Where China, India and ASEAN meet

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5 72Back in 1980 I was a 22 years old engineering student less than a year away from becoming a full fledge engineer. Before I enter the work force, I wanted to find out how real life businesses were and went along with my brother-in-law to our border with Thailand where he was a small time trader. I was astonished to found out that he was not producing anything himself but instead was carrying goods, mostly agriculture products from Myanmar to sell to Thailand and on the way back was carrying manufactured goods from Thailand.
At that time, our country was under socialist economy and as a young aspiring engineer, I was wrecking my brain to find out what sort of manufacturing or industry our country should went into. It was an eye opener for me to see what trade was in my trip to our country’s border with Thailand. I realized there that trade can be done even if you don’t produce anything.
In 1985 I became a junior research engineer and learnt about real life work and business. After having my first good experience in the opening market of Myanmar in the early 1990s and gaining some income that I couldn’t dreamt of during the socialist era, I was even thinking of going into a newly opening market like Afghanistan as I’ve seen what can be done and gained in an economy or market that was opening up. Fortunately or unfortunately I never went down that path so I don’t know whether I would have made it great business wise in Afghanistan even though I was pretty cocky and somewhat over confident that I indeed could have made it.
Fast forward another 26 years to 2011 when I already had worked as an engineer, a manager, an advertiser, a marketing man and finally a business developer. I was more mature and not so overtly confident anymore. That was when I read Thant Myint U’s book “Where China Meets India.” The book brings back to me my first experience about trade in our border with Thailand on 1980. If my brother-in-law could buy and sell or trade Myanmar and Thai goods without producing anything and earn a decent living, a sizable number of our fellow countrymen and women can also earn a decent living buying and selling Chinese, Thai and Indian goods to China, India and Thailand or as an extension ASEAN. Myanmar is where China, India and ASEAN meet. We are at the crossroad or junction.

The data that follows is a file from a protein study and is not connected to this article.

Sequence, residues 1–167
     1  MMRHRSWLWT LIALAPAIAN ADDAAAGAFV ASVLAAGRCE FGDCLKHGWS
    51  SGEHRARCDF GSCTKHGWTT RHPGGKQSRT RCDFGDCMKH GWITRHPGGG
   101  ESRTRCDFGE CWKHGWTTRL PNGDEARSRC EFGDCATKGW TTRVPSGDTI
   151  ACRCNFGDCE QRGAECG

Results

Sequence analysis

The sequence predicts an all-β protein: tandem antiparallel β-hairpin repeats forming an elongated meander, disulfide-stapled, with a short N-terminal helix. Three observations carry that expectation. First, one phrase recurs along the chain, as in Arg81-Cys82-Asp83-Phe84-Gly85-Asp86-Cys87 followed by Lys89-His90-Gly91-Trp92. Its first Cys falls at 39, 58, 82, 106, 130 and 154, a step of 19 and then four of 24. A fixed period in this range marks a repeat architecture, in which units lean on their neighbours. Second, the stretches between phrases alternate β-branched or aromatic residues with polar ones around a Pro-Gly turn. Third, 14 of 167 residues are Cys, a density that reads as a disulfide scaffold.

Look at Singapore which was another country at the crossroad or junction of trade. Looking back historically, east west trade benefited Singapore ever since merchant from east, west and the middle-east as well as locals thrives in the burgeoning trade that has been going on for centuries by now. Singapore starts off as a trading hub or centre and became what it is now as it expanded into other sectors like shipping, refinery and electronics.
Myanmar’s population of 50 million is ten times more than Singapore. Combine this market with the combined population of China, India and ASEAN of more than 2.5 billion will give an unimaginable space for expansion. Market size can be a decisive factor in producing anything. The bigger the market size is, the more option the manufacturer and producer had.
Dev 72The rich and poorness of the people in a market is also another factor for goods and services to that market. China, India and Asian countries consisting of ASEAN countries were once backward colonies or states. Now most of these countries were becoming modern and developed. Just look at China. China’s middle class was four per cent of its population in 2002. A decade later, this number had climbed to 31 per cent constituting over 420 million people. China’s middle class population is now bigger than the entire population of the United States. China’s rising and increasing middle class was also the major contributor toward the number of outbound tourists from China as well as local travel in China. India on the other hand is becoming a drive engine of the world’s economy by providing the majority of the CEOs and leaders of the world’s top global companies.